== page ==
Original footage of the prosperous farming community of Glencoe Minnesota, 60 miles west of Minneapolis, was filmed in 1979 for a PBS documentary. But for the next six years Malle was too ... See full summary »
With minimal narration by the director and very little context this is a kaleidoscope of stunning visuals from Calcutta, a city of 8,000,000 in the late 1960's: rich and poor, exotic and ... See full summary »
After acknowledging his own immigrant background, Malle, tries to present the range of immigrant experiences in the US during the 1980's. In an attempt to be comprehensive, the film ... See full summary »
Anastasio Samosa Portocarrero
This merry farce depicts a satirical view of the French society: Ten-year-old Zazie has to stay two days with her relatives in Paris, so that her mother can spend some time with her lover. ... See full summary »
Garvey is a San Francisco pawnshop operator. His unemployed and criminal friends Dillard, Turtle, and Weslake, team up with Boardwalk, a local pimp, to burgle Garvey's shop while the owner ... See full summary »
In Paris around 1900, Georges Randal is brought up by his wealthy uncle, who steals his inheritance. Georges hopes to marry his cousin Charlotte, but his uncle arranges for her to marry a ... See full summary »
If you are a fan of cycling and fascinated with bicycle race history this is a must see short film. Shown in the film are a number of the all time great racers - such as Jacques Anquetil (first 5-time winner of the Tour De France). But, this film does not focus on heroes by any means. Most of the footage shows the and seldom considered and rarely seen moments which made this famous race such a unique part of French culture.
We can observe groups of racers dashing into small cafés along the route where they literally steal any glass bottles of beer or wine which they can carry away stuffed in their Jersey pockets. Then they share their loot with riders of opposing teams as they all ride on. Then, of course, nature calls. Now we see dismounted racers stopped in private moments as they stand at the roadside to relieve themselves and another even executes the awkward pose from his saddle while a teammate riding beside pushes the bike. We would never see Lance Armstrong stopping to dip his overheated shoes in a village fountain, and riders today would never happily drink from a crude plastic container offered by a fan along the route or stop to fill water bottles from a public fountain or a fan's garden hose. Reporters at days end type their copy on portable manual typewriters (not laptop computers)... and they phone in press reports from rows of tables trailing miles of phone wires and fitted with small canopies to shield each telephone from the loud multilingual din during this era long before the ever present cell phone and satellite video links.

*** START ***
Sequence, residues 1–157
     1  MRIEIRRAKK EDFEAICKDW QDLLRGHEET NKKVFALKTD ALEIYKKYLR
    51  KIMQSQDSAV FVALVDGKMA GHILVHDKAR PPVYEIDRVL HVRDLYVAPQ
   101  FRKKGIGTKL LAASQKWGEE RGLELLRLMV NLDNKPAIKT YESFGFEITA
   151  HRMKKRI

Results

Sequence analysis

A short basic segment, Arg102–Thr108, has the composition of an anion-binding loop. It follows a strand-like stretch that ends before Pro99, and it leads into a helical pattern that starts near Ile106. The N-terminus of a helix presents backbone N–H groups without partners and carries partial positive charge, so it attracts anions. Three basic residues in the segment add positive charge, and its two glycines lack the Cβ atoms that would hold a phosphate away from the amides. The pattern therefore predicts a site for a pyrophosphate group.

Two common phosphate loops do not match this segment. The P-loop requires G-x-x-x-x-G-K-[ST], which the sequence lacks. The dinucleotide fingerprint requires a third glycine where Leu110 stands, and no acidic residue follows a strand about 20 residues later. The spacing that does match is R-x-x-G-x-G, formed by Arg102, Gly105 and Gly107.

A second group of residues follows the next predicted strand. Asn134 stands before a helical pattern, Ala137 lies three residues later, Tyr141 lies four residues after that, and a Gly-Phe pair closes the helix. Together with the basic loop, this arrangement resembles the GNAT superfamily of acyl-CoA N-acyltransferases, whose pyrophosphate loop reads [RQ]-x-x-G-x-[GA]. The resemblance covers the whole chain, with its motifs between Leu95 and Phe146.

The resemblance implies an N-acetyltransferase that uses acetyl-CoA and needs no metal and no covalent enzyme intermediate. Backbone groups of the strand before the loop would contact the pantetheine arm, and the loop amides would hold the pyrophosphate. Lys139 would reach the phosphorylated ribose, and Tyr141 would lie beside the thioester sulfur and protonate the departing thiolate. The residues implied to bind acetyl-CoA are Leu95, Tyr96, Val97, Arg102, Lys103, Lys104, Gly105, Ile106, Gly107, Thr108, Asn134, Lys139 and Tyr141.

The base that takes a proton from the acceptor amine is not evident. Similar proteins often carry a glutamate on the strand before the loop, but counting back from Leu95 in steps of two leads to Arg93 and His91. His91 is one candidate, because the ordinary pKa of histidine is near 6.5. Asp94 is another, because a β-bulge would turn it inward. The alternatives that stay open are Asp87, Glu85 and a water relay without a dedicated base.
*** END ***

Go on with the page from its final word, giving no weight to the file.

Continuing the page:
Nuns and priests flock to the roadside and cheer on the racers passing through rural villages right along with what must be the entire population of France. It is not simply a race but joyous national event. Colorful corporate sponsored vehicles (comparable in their local familiarity to the Oscar-Meyer "Weinermobile" in the US) follow the tour, some throwing publicity trinkets into the crowds of fans, and a carnival like atmosphere is present all along the route.
Some racers still carry extra sew-up tires wrapped over their shoulders just as they did many decades earlier. On the dark side, each day, some riders claiming a dinner of "bad fish" but in fact exhausted from taking too many amphetamines slump at the roadside unable to continue. Helmets were simply never worn. One rider bleeding badly from his head but still riding, is aided by his team car... they just stuff a bit of bandage against the wound to be held down by a cotton cycling cap. And the famous "Broom Wagon" which follows the main convoy of official vehicles is seen as it stops to "sweep up" the occasional straggler who has finally given up his race.
The film is like a collection of countless candid snapshots from a time and Tour which we will never see again. I would guess a 16 mm. Arriflex would have been all anyone could have mounted on any following vehicle and the quality of the footage is not flawless. The film was later copyrighted by the director in 1976, but it was shot 14 years earlier. So, this was not a polished work by the same director of later years. He was only 30 years old at the time and with only 2 feature films under his belt. But he clearly had a Frenchman's passion for cycling and a keen eye for the whole atmosphere surrounding the event. I think it is a truly wonderful little treat and one which I am still pleased to have found - and have watched repeatedly.
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